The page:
We have oestrogen receptors on cells throughout our bodies, so when oestrogen levels fall, the knock-on symptoms can be embarrassing, uncomfortable and, in some cases, devastating.

Yet menopausal symptoms aren’t just about hot flushes: other symptoms triggered by changing hormone levels range from joint pains to vaginal dryness, low libido to thinning hair, itchy skin to fatigue and memory lapses.

Low mood and other psychological symptoms can be particularly hard to cope with: nearly every week I will see a woman in my clinic as an emergency appointment because she is suicidal.

Prompt, effective treatment for all of these symptoms is incredibly important, and this is where HRT comes in.

What is HRT and what is it made from?

Menopause is a long-term hormone deficiency and, as the name suggests, HRT replaces those missing hormones.

HRT will always contain oestrogen, and often contains a form of progesterone, either known as micronised progesterone or a synthetic progestogen. Progesterone is prescribed for women who still have a uterus, to protect the lining of the uterus. Taking oestrogen and progesterone together is known as combined HRT. For some women, HRT will also include testosterone, which is another important female hormone.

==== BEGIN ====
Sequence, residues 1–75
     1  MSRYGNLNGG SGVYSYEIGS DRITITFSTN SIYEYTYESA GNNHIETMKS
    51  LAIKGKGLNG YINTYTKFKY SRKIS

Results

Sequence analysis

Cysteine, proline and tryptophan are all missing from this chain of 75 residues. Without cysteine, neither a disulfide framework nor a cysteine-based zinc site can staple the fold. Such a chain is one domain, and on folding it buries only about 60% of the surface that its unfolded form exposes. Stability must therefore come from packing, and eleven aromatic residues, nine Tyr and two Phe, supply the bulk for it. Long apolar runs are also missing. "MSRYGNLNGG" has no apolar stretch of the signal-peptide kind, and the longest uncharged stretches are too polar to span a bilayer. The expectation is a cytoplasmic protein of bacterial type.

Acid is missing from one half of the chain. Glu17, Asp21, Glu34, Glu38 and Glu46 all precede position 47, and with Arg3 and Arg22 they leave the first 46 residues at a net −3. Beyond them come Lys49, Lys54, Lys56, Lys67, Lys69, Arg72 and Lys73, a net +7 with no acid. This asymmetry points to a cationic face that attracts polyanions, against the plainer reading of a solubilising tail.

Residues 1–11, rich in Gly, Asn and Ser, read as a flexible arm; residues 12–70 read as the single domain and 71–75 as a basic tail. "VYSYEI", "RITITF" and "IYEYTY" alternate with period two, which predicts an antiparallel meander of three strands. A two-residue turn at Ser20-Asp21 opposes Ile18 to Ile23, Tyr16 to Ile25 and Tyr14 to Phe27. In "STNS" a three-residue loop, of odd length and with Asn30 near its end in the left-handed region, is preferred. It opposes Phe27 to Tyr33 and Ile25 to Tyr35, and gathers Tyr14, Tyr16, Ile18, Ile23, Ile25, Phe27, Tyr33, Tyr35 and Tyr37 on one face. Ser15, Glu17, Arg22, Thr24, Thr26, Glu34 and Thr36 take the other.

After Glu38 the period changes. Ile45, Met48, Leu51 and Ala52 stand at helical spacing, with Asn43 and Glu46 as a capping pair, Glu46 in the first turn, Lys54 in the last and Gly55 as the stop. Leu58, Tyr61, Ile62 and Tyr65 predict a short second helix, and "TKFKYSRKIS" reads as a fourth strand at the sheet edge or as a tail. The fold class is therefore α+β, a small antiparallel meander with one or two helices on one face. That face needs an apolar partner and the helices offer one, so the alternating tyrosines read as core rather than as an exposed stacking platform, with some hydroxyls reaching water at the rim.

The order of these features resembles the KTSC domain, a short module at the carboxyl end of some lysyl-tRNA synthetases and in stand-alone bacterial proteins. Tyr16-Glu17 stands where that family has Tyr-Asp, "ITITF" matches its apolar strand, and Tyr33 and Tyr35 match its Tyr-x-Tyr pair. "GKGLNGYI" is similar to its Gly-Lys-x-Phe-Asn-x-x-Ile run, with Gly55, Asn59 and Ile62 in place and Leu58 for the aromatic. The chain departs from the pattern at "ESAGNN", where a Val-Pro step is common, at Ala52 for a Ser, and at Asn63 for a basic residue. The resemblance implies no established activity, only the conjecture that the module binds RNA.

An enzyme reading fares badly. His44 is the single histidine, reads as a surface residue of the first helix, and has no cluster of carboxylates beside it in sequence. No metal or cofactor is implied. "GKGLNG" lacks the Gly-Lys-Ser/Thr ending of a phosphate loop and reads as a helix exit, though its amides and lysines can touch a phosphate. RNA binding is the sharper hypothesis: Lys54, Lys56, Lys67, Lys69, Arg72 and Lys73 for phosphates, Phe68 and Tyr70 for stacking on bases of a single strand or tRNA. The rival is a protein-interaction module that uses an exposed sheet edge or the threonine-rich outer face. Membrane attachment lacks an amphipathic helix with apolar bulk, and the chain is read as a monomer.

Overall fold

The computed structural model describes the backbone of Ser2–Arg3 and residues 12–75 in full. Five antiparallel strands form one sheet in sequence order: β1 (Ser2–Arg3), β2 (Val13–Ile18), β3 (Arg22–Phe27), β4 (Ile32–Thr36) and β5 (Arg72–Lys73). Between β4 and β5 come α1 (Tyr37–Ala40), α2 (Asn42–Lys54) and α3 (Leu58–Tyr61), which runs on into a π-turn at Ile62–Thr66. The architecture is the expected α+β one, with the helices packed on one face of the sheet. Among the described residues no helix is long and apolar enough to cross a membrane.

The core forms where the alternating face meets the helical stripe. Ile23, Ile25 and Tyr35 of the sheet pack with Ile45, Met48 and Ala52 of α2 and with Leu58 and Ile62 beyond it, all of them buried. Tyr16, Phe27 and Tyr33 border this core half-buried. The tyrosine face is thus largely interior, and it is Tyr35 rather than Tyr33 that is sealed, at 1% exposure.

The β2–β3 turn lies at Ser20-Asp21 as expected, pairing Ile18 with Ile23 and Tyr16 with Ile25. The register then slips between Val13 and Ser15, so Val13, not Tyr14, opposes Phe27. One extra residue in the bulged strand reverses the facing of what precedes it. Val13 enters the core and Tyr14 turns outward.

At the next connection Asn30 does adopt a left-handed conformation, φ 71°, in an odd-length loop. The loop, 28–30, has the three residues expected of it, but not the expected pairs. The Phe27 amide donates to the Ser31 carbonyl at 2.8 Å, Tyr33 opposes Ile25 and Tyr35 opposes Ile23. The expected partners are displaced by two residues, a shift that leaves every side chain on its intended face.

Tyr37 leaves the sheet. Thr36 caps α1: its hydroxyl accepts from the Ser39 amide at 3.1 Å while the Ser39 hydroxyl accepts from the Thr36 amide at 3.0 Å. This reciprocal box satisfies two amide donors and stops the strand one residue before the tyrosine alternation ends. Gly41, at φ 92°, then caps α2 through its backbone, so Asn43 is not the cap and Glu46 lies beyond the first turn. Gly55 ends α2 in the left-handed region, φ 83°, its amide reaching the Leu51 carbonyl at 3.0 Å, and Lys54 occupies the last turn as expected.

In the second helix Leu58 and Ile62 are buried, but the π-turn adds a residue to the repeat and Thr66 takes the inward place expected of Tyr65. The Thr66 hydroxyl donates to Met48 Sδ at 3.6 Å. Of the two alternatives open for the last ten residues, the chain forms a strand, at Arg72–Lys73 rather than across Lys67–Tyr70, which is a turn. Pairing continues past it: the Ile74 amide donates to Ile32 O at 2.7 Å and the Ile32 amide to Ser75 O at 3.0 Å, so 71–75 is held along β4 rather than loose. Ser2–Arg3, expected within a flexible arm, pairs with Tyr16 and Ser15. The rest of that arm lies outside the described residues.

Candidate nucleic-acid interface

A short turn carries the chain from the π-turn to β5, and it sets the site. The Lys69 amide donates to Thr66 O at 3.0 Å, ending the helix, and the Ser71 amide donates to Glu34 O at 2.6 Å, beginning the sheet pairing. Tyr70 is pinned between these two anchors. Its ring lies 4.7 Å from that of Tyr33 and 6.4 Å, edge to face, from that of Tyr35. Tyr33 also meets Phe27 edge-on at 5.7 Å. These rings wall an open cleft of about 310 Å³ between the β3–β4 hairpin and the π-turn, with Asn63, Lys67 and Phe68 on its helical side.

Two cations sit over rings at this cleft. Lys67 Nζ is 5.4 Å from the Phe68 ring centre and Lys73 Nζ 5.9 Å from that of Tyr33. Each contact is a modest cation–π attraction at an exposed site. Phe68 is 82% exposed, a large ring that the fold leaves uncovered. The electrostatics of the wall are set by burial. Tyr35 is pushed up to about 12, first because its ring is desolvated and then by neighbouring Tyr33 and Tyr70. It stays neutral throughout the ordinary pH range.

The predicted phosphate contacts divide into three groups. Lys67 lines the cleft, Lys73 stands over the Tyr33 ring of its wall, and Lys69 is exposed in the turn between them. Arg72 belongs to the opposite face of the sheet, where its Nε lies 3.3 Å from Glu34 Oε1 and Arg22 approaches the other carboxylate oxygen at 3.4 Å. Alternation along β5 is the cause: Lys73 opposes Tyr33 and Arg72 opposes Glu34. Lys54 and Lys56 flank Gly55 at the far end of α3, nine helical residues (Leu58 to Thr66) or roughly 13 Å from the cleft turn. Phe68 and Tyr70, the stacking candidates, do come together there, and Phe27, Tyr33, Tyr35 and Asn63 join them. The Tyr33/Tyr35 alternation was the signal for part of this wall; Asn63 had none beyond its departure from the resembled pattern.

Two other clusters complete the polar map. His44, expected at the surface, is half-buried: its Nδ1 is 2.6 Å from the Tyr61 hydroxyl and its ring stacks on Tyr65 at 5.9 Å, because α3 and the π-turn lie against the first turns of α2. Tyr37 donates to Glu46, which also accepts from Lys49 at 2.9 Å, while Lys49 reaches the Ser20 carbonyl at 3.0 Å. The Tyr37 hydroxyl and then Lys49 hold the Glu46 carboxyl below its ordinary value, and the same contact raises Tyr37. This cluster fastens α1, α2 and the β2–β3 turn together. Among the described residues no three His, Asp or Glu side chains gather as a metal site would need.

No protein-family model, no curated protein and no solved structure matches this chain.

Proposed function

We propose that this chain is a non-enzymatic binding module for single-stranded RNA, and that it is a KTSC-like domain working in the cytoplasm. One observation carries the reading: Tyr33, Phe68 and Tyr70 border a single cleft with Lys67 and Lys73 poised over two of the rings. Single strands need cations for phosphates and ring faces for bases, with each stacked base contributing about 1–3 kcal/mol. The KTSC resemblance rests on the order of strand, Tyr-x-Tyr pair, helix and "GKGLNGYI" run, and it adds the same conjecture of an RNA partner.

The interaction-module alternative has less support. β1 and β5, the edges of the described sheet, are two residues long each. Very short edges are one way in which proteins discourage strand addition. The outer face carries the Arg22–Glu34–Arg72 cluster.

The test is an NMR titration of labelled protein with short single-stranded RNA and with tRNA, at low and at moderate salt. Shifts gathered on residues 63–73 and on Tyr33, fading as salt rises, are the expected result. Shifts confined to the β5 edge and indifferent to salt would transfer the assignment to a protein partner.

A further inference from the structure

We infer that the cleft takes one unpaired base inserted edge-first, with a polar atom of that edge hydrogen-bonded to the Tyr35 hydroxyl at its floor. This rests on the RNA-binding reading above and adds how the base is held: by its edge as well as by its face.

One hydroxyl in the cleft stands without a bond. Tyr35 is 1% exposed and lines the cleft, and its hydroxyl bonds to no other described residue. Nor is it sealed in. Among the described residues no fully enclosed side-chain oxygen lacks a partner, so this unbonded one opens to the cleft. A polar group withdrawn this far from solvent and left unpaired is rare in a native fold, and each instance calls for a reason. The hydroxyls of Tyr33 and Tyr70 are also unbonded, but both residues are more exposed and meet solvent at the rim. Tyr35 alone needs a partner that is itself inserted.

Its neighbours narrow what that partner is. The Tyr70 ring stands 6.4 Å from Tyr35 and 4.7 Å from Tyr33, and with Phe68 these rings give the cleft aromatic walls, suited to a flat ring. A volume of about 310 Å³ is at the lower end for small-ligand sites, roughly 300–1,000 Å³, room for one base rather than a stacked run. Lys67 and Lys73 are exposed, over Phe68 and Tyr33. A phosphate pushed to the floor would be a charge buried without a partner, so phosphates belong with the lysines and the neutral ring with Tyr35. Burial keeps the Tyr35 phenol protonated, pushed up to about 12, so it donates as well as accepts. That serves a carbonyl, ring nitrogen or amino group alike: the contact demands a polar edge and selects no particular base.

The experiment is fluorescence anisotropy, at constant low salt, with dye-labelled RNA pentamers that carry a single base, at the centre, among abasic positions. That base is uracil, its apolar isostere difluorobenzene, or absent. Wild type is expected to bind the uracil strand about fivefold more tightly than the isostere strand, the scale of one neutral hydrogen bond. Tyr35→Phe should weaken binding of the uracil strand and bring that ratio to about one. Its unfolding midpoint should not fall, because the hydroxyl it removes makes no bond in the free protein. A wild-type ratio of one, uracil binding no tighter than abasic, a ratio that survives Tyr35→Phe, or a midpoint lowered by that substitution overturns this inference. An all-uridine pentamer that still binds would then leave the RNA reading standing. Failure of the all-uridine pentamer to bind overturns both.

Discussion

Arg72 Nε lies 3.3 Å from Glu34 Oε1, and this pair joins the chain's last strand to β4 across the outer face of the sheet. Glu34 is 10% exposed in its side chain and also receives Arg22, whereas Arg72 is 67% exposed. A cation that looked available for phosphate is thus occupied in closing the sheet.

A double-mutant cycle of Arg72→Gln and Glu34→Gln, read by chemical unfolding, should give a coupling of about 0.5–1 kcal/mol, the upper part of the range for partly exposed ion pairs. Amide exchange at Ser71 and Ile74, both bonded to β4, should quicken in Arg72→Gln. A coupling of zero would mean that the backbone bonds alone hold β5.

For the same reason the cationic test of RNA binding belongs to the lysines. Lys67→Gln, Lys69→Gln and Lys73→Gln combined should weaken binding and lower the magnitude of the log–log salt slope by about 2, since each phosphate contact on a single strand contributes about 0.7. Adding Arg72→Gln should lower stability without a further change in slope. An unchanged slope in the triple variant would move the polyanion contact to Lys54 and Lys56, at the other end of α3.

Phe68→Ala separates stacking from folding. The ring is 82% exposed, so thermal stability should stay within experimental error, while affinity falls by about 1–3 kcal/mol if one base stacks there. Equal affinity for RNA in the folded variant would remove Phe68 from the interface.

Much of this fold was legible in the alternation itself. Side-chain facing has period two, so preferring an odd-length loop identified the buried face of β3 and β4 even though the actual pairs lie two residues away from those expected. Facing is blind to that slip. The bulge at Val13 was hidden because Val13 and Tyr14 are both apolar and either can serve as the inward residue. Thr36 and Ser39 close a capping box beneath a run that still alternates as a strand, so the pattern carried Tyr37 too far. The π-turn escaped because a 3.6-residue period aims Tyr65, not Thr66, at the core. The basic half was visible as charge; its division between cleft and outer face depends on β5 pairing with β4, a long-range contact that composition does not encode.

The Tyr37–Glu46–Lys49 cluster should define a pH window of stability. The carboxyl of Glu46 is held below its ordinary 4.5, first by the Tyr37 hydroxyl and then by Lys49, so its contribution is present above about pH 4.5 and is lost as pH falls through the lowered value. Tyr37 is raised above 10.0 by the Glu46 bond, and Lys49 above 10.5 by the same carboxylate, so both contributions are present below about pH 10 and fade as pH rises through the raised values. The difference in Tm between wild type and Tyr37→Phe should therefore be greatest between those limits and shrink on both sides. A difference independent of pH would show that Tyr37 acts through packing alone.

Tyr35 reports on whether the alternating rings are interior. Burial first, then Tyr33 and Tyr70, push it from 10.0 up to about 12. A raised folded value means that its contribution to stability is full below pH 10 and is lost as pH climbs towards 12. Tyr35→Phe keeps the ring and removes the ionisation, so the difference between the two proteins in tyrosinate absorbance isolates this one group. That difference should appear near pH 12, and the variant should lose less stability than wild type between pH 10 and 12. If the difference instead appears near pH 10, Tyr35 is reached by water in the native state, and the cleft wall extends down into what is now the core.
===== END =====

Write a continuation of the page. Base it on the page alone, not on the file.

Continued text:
Older forms of HRT contain oestrogen made from a pregnant mare’s urine, but these days the most common type is 17 beta-estradiol. This is derived from yam plants. It’s known as a body-identical oestrogen because, unlike older forms of HRT, it has the same molecular structure as oestrogen produced in our bodies. Micronised progesterone is also made from yam plants, and so is body-identical.

A female doctor talks to a female patient